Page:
[Update: give me mph instead of mins/mile – well, it has now swapped to mph, which is good, but I don’t know why, which is less good -W]

[Update: twice now the watch has frozen / locked up on me, both times when attaching it to the computer: I think it happens when you don’t get the clamp on quite correctly and it briefly connects / disconnects. If that happens, you have to reset it by pressing the “light” button for ~7 secs. But you lose all your data. Others have the same problem. Possibly press and hold Lap/Reset and the Light buttons simultaneously may be a better way of resetting.

Update on that: the problem mostly occurs if you *haven’t* “reset” the activity before trying to upload – somehow it can’t cope. So always remember to do that first.]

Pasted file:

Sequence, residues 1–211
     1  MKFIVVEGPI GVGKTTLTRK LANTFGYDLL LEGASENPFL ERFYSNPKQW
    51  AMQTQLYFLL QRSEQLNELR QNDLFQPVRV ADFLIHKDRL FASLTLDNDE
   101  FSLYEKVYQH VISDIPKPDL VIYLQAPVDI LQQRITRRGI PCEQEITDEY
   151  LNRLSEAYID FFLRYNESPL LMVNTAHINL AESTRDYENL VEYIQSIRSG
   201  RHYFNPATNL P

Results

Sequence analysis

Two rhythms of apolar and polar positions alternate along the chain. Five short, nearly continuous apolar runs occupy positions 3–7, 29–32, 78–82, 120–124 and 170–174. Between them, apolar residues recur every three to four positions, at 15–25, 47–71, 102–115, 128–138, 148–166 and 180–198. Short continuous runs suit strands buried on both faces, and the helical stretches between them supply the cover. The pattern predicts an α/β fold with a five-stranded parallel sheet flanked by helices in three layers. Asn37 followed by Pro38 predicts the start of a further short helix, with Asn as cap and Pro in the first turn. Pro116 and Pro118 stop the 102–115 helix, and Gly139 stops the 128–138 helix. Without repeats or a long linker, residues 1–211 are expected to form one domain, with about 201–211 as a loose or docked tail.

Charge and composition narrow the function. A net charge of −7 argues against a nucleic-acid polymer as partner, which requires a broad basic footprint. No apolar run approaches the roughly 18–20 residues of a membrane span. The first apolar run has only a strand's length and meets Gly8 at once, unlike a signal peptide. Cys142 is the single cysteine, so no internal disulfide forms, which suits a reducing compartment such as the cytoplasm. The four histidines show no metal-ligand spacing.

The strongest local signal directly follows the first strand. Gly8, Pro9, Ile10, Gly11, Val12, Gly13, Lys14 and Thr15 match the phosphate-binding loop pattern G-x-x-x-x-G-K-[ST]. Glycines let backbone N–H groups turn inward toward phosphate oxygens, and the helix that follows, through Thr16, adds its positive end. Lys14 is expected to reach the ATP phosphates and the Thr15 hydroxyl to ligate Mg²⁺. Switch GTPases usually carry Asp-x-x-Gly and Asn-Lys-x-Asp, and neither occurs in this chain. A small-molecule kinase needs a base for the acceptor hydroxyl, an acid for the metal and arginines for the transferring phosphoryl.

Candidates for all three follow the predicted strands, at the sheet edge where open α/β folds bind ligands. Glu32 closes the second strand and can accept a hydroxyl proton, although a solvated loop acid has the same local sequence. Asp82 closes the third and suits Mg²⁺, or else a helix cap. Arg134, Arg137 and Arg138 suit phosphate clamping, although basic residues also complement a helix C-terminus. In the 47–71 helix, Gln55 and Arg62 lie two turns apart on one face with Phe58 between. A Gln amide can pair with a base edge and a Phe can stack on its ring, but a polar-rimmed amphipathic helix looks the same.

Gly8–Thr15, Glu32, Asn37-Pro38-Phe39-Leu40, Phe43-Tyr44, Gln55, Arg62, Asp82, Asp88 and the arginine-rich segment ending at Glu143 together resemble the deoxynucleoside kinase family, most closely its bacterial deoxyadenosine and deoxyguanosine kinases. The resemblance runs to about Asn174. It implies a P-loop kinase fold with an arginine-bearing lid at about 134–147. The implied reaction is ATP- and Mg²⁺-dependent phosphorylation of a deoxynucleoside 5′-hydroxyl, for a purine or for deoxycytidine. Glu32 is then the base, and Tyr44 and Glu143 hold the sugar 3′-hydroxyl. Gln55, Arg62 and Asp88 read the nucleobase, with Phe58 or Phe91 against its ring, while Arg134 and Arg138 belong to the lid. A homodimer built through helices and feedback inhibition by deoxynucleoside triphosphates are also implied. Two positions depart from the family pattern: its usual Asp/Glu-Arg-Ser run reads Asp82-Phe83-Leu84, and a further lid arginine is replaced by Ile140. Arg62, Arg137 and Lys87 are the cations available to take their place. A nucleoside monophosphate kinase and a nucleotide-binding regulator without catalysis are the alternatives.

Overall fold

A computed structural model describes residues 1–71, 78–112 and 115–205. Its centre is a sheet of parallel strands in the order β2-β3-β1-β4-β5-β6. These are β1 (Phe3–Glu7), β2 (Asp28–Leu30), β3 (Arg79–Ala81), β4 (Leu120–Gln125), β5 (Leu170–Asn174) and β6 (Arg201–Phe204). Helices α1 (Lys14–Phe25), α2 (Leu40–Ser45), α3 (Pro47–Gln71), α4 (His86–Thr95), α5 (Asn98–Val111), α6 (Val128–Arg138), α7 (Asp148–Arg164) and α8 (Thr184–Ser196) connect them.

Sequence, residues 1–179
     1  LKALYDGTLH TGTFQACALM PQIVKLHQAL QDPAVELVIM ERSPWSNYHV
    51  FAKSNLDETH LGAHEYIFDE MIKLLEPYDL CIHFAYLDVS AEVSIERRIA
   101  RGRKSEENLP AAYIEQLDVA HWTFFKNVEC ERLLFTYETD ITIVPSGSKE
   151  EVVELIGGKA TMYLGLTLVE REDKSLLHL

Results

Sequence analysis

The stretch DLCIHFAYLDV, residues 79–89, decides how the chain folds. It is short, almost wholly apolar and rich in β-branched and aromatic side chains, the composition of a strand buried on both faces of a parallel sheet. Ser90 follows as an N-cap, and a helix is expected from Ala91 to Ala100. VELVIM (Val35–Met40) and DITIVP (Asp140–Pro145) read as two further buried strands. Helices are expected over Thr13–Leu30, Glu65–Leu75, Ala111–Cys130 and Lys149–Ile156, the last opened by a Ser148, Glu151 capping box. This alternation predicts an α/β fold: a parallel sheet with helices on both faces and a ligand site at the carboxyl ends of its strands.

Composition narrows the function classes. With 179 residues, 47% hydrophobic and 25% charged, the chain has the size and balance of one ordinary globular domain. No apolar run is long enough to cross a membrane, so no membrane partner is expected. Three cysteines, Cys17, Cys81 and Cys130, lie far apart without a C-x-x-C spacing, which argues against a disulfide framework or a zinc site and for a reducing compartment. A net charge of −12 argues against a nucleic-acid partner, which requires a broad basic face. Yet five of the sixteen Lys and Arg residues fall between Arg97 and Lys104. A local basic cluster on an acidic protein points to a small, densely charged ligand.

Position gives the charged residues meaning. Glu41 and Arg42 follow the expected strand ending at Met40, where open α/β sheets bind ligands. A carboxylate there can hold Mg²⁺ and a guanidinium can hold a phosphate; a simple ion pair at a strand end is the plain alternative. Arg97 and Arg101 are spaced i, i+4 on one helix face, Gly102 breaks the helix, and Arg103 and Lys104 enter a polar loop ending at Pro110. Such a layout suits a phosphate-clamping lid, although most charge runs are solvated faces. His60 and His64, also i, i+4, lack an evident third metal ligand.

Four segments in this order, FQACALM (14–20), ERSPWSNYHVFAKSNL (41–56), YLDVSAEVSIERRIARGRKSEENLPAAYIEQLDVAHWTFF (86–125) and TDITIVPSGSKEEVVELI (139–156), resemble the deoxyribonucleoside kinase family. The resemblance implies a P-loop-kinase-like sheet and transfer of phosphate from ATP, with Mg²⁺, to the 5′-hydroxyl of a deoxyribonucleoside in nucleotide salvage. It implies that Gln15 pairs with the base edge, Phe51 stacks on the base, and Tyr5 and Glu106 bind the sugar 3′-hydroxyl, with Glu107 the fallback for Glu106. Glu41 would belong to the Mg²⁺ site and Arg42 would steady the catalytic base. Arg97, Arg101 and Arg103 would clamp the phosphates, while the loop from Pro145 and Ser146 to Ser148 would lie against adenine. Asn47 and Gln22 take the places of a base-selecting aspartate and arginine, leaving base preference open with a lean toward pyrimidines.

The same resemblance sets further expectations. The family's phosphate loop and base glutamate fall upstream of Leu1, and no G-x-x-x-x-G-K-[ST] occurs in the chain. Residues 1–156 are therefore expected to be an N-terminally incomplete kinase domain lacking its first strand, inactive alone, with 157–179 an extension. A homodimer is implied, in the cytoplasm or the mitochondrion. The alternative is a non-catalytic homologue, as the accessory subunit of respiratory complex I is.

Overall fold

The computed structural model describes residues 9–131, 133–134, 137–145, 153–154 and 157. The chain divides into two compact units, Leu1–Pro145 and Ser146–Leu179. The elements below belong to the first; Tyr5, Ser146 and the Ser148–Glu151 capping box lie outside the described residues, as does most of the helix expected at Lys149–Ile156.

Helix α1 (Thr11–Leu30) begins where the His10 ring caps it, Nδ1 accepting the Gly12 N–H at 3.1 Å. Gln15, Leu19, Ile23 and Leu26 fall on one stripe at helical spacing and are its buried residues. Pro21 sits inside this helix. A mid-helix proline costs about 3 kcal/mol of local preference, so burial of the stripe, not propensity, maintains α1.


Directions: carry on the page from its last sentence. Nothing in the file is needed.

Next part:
[Update: I’ve realised something about the tracking / recording, prompted by DHW: that although the max sample rate appears to be every-5-sec (and this isn’t configurable), it will drop samples that are “uninteresting” if it wants to. In particular, if you are erging, so the position is constant, it will quite likely not record many heart rate samples. The only solution I’ve found it to keep the watch on your wrist to generate movement and hence more logging.

Another whinge while I’m here: there is no “turn the light on and keep it on” mode, which would be useful for night time outings.]

Some links

More boring links blogs stuff. But just for once I do actually have something else to say, so I’ll try to clear this out asap.

* Do you need context to understand the CRU emails? Or can they be understood on their own? An analysis. No prizes for guessing the answer. But links to…